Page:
Digital Orchestration The use of Sample Libraries / Virtual Orchestration in Music Production

Turn on the television anytime and the chances are you are going hear music that is produced using digital orchestration and sample libraries. So, the orchestra you are hearing is not, in the conventional sense, an orchestra at all – it just sounds like one. If the music production is done well, it should be almost impossible to distinguish between what you are hearing and what a “real” orchestra would sound like. That is the art / science of digital orchestration. The music for CSI, The Mentalist, Dexter and many more, is all produced “inside the box”. It is now almost impossible to find an advert where the music is not produced in this way. Tight production schedules and limited budgets usually don’t allow for recordings of real orchestras, so the sample based recording isn’t just a demo or a mock-up, it is the final cue.

Click on the link below. Here, there are two examples of an orchestral piece by Vaughan Williams and two examples of a Beethoven string quartet. One of each piece is produced using digital orchestration – which is which?

More and more, and for the same reasons, this also applies to films. Low and mid-range budget films will never be able to finance studio recording sessions with a large orchestra, music director, producer, recording and mixing engineers etc. Even in some blockbuster films where large Hollywood style orchestras are used, the soundtrack will often be enhanced with extra sampled percussion and brass etc.

What is sampling and how does it work?

Not Robots and Nothing to do with Synthesizers!

When you hear sampled music, you are hearing real musicians playing real instruments, – a solo violinist may well be playing a Stradivarius! – but, every single note and articulation has been sampled – recorded – separately and often many times over. Every note an instrument can play and in every way – ppp, pp, p, mp, mf, f, ff, fff, sfz, staccato, detache, legato, flautando, harmonic, con sordini, pizz, and so on, is sampled in meticulous detail. Often, but not always, these samples will be recorded “dry”. That is, with absolutely no ambient sound, echo, reverb. If you listen to dry samples, they are very uninspiring – if you have ever been in an anechoic chamber you will get the idea. Reverb to taste is added later. More about reverb anon. The world leading Vienna Symphonic Library (VSL) have built their “Silent Stage” so that all their sampled recordings are completely dry.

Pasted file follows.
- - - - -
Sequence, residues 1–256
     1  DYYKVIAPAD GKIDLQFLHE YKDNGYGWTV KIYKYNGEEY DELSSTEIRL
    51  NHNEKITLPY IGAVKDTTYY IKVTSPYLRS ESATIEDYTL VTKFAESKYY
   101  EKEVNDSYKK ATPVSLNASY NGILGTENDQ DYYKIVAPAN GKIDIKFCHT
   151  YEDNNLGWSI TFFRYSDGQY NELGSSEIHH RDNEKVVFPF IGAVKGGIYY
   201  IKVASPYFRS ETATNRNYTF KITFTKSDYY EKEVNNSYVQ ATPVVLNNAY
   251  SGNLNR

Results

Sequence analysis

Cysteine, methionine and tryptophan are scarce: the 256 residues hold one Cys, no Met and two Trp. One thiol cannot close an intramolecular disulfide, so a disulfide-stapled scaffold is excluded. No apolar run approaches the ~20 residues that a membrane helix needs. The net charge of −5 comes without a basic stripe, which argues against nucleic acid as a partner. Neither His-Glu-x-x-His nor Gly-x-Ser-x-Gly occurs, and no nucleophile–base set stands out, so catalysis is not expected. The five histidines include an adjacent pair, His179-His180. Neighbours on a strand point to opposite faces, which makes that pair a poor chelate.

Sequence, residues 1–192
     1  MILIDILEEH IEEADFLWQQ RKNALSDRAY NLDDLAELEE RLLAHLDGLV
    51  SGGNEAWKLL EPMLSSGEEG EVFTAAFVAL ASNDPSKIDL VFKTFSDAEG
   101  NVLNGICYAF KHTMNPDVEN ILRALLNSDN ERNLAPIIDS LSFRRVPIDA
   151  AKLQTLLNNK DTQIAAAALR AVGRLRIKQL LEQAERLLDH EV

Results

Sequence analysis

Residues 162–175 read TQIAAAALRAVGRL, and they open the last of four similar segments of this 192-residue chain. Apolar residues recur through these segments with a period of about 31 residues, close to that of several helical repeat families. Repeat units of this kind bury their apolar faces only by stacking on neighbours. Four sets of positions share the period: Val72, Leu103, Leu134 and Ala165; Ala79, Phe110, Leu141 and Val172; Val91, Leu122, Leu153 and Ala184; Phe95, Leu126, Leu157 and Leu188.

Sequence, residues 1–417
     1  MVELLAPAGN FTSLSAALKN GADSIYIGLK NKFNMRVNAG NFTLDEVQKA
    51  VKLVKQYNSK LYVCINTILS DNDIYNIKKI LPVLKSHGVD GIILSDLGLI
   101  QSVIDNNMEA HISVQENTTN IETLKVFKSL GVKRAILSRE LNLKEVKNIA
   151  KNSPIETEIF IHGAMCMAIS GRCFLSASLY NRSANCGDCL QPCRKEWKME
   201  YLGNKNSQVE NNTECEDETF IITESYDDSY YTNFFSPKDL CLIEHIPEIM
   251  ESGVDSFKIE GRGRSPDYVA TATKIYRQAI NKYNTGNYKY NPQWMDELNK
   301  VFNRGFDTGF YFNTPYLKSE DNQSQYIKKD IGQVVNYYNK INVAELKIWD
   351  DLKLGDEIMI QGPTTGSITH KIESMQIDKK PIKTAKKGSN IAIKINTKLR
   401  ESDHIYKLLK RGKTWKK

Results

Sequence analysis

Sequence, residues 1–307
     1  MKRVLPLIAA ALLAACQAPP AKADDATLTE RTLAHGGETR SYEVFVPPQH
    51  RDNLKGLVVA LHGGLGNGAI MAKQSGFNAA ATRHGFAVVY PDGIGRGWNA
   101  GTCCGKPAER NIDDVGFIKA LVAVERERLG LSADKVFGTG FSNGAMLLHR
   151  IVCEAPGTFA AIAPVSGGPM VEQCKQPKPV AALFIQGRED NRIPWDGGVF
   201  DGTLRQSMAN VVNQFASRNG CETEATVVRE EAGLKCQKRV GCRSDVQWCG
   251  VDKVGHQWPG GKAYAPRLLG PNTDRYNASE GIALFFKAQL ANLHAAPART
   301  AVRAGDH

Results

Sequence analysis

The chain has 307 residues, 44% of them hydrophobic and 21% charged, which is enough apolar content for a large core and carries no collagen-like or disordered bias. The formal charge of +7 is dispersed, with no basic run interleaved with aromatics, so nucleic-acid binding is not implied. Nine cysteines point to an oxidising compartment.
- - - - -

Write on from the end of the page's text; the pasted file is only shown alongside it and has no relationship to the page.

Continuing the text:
A full orchestral sample library will go through this process for every instrument. In addition, where sections of players are required e.g. First Violins, Second Violins etc. there may well be 14 or more players playing together. Full professional sample libraries are massive containing millions of samples.

The Legato Revolution

An important milestone in orchestral sampling occurred in 2002 with the development by Vienna Symphonic Library of the “interval legato concept”. Anyone who has learned to play an instrument to a reasonable standard will be aware that it is not enough just to play the correct notes in the correct order in the correct time. Good phrasing, and especially legato phrasing, will utterly transform a piece. Hitherto all sample libraries faced the same problem – how to join notes together so the phrase or passage sounded completely authentic. In 2002 VSL developed complex algorithms which overcame this problem, the results were astounding and this process has been taken up by all sample developers ever since.

Click on the link below to listen to a 1st Violin section from VSL.

No More Machine Guns!

Around the same time VSL also developed the method of using different samples for repeated notes. Most music contains many parts where the same note is repeated many times. If the same sample is repeated many times the result is not at all convincing and is known as the “machine gun effect”. The developers created a system where each repeated note triggered a different sample of the same note giving a much more realistic sound – this is now universally referred to as “round robins” and all serious sound libraries use this system.


What do you do with 10 million samples?

Fortunately the companies producing such vast libraries also produce highly sophisticated software to control and manipulate the samples. The screenshots below show part of the user interfaces for VSL’s Vienna Instruments and East West Quantum Leap’s PLAY software. It is here that the user controls and manipulates the samples. There are many other companies with similar products but these are the two with which I am most familiar and use on a daily basis.

Usually there is a matrix where the user loads the samples required. In some pieces only a few articulations will be required e.g. sustain and legato, for other more complex pieces a wide range of individual articulations will be needed. This can be very demanding on computing power and often slave computers with powerful processors. a lot of RAM and several solid state hard drives, will be needed to take the strain.

Screenshot 3 Screenshot 4

A set-up like this can be used as stand-alone connected to a keyboard where the player can play, for example, an incredibly realistic string or brass section. This is commonly used in “live” situations. This of course has been and continues to be controversial as many musicians see it as a threat to their jobs and there is no doubt that this does and will continue to happen. On Broadway in 2003 there was a Musicians Strike which began as a strike over pit minimums and rapidly escalated. In London’s West End Cameron Mackintosh moved Les Miserables from the Palace Theatre to the Queen’s Theatre leading to a reduced orchestral size – a smaller pit – and increased use of samples triggered from keyboards. So, from the audience’s perspective there was no reduction in sound produced by the orchestra.